But before we decide that both appointments are looking to systematically destroy the industry, its important to bear a few things in mind.

Ed Davey, as Secretary of State, still sits at the top of the tree. And whilst he can’t act unilaterally without the support of his junior ministers, he still backs the over-arching pro-renewable stance of his Liberal Democrat party.

We don’t as yet know how John Hayes will adapt to his role. And whilst he might not be the strongest proponent of wind energy, he will have to work within a policy framework that has already committed to the technology.

And of course there is the bigger picture. Such a move may eclipsed by the wider global wind energy landscape.

The UK is currently the global leader in the offshore wind industry, but how long this will continue is very much open to debate, as the German market starts to catch up, and Asian businesses start to gear up for an offshore wind boom.

And in the US, in an election year, a decision will be made that will have far greater consequences for the global wind industry.

Mitt Romney will in all likelihood suspend the PTC for wind energy, if elected. This will overnight cause mass redundancies at the global turbine makers and a capital flight from the industry worldwide. Asia will eventually pick up the slack in domestic developments, but not for quite a while yet.

Viewed in this light, knee-jerk reactions to as yet unknown outcomes at a domestic UK level seem rather extreme. As the market matures the dynamics are simply more complex than the parlous state of individual country politics, and the institutional frameworks should be robust enough to cope.

The changing of the guard often ushers in a new era. For those on the outside, the first few weeks of these new appointments can prove to be a tense, speculation-fuelled, time.

So this week’s Cabinet reshuffle in the UK Government, and the replacement of Energy Minister Charles Henry, and Environment Secretary Caroline Spelman by unknown faces caused some intense conjecture as to the future of the wind energy industry.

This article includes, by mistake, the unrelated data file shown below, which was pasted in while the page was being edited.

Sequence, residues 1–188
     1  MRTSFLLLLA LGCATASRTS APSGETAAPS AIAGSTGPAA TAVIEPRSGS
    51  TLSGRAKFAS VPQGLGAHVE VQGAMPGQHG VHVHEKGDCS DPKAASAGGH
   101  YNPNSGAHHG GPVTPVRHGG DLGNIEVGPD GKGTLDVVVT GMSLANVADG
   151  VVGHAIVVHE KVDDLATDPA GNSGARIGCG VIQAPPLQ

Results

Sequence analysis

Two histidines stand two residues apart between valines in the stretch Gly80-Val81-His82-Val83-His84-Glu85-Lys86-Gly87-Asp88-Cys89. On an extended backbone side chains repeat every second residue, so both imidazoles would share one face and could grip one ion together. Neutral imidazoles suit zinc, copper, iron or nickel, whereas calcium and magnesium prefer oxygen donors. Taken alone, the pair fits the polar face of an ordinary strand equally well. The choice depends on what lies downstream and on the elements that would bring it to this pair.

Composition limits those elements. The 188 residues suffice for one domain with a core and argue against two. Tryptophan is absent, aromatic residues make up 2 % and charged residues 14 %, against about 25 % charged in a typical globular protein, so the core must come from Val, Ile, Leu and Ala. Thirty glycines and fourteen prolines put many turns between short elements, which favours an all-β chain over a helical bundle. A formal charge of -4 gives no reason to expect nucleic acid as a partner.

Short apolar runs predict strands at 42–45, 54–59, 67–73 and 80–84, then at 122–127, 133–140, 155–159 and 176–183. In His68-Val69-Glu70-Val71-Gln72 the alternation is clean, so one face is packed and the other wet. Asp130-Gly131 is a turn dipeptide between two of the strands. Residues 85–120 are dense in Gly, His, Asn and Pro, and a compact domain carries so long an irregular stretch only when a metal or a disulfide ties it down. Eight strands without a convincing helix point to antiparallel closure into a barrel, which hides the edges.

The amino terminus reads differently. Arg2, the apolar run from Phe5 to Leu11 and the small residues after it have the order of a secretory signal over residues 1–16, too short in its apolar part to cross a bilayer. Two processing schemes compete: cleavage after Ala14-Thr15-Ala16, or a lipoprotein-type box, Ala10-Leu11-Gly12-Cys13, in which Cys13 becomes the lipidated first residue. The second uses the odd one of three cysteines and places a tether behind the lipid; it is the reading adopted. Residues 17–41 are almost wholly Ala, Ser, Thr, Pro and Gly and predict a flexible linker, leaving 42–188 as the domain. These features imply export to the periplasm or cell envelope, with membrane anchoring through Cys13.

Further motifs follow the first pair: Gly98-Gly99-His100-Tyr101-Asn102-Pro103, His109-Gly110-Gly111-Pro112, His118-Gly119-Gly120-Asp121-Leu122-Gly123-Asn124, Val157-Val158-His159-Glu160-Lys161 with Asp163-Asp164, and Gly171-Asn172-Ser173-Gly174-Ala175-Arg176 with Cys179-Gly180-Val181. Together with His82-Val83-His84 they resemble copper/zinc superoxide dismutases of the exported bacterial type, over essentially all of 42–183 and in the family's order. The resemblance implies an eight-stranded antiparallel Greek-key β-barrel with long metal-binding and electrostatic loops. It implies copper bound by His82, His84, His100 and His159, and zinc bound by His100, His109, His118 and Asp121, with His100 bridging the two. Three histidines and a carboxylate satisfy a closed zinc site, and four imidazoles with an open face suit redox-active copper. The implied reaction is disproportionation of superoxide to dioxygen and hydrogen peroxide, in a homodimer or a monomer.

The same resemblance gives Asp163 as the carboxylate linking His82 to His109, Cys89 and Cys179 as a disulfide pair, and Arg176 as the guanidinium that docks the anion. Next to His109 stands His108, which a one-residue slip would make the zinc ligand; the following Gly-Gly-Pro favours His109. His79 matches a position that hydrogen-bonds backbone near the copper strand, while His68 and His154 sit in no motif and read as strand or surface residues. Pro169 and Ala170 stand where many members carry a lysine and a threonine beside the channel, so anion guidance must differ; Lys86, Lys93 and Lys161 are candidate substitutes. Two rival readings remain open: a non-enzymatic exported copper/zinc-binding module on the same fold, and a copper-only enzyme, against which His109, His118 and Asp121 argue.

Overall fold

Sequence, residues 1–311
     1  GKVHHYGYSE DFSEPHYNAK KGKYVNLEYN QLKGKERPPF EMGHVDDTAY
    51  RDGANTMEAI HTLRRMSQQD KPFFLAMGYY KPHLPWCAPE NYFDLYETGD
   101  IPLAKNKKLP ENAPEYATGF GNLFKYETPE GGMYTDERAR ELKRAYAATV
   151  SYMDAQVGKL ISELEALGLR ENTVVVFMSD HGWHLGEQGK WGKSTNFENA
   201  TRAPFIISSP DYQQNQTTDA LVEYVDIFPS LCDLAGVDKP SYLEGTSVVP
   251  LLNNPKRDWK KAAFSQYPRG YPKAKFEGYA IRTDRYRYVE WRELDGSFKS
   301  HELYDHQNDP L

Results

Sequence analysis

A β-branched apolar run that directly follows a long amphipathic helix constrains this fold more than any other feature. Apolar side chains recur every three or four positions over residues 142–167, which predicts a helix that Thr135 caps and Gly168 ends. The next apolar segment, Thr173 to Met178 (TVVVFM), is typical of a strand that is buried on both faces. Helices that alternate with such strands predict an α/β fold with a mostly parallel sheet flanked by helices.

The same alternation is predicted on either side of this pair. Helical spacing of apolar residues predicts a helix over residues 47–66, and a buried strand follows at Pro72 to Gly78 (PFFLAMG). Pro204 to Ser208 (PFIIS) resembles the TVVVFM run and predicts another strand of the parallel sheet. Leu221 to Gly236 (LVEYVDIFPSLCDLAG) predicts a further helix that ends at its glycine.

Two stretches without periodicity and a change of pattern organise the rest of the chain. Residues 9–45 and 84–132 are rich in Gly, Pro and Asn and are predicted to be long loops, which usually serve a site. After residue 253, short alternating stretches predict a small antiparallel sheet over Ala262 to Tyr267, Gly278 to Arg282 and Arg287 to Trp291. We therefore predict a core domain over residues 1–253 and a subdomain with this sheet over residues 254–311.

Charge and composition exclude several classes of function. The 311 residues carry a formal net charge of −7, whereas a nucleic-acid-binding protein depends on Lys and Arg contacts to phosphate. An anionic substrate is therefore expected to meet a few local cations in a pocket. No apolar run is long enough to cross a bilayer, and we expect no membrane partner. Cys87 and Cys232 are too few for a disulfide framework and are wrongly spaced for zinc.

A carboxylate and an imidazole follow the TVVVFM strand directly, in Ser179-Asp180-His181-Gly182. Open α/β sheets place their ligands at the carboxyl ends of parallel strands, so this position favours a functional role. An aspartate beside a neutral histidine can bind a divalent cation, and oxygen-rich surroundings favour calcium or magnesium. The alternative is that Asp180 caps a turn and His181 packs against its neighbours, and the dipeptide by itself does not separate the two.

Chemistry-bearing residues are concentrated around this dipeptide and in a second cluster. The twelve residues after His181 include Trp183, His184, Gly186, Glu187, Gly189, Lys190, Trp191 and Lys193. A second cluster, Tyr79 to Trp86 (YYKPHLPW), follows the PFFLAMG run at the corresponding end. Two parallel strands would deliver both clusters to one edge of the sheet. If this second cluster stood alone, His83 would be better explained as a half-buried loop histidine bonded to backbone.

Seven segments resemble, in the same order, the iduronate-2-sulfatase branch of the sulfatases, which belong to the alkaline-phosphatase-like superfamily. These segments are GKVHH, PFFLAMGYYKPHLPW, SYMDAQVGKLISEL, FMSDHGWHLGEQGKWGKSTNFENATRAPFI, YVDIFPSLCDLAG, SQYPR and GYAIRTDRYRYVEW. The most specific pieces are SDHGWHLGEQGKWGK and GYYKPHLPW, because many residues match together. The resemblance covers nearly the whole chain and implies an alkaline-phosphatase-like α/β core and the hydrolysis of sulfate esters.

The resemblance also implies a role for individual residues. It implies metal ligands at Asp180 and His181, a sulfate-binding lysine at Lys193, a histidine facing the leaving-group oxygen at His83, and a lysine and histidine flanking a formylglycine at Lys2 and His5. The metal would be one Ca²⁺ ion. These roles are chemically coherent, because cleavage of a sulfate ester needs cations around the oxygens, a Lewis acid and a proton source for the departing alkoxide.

The reason for much of the hand-wringing? Charles Hendry’s replacement, John Hayes, has been in the past quoted as saying unfavourable things about the wind industry.

And Owen Paterson, Caroline Spelman’s successor, has commented previously on his preference for shale gas exploitation and the suspension of green energy subsidies.

This has meant that most commentators have decided both are firmly anti-wind.

But before we decide that both appointments are looking to systematically destroy the industry, its important to bear a few things in mind.

Ed Davey, as Secretary of State, still sits at the top of the tree. And whilst he can’t act unilaterally without the support of his junior ministers, he still backs the over-arching pro-renewable stance of his Liberal Democrat party.

We don’t as yet know how John Hayes will adapt to his role. And whilst he might not be the strongest proponent of wind energy, he will have to work within a policy framework that has already committed to the technology.

And of course there is the bigger picture. Such a move may eclipsed by the wider global wind energy landscape.

The UK is currently the global leader in the offshore wind industry, but how long this will continue is very much open to debate, as the German market starts to catch up, and Asian businesses start to gear up for an offshore wind boom.

And in the US, in an election year, a decision will be made that will have far greater consequences for the global wind industry.

Mitt Romney will in all likelihood suspend the PTC for wind energy, if elected. This will overnight cause mass redundancies at the global turbine makers and a capital flight from the industry worldwide. Asia will eventually pick up the slack in domestic developments, but not for quite a while yet.

Viewed in this light, knee-jerk reactions to as yet unknown outcomes at a domestic UK level seem rather extreme. As the market matures the dynamics are simply more complex than the parlous state of individual country politics, and the institutional frameworks should be robust enough to cope.

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Not a member yet?

Become a member of the 6,500-strong A Word About Wind community today, and gain access to our premium content, exclusive lead generation and investment opportunities.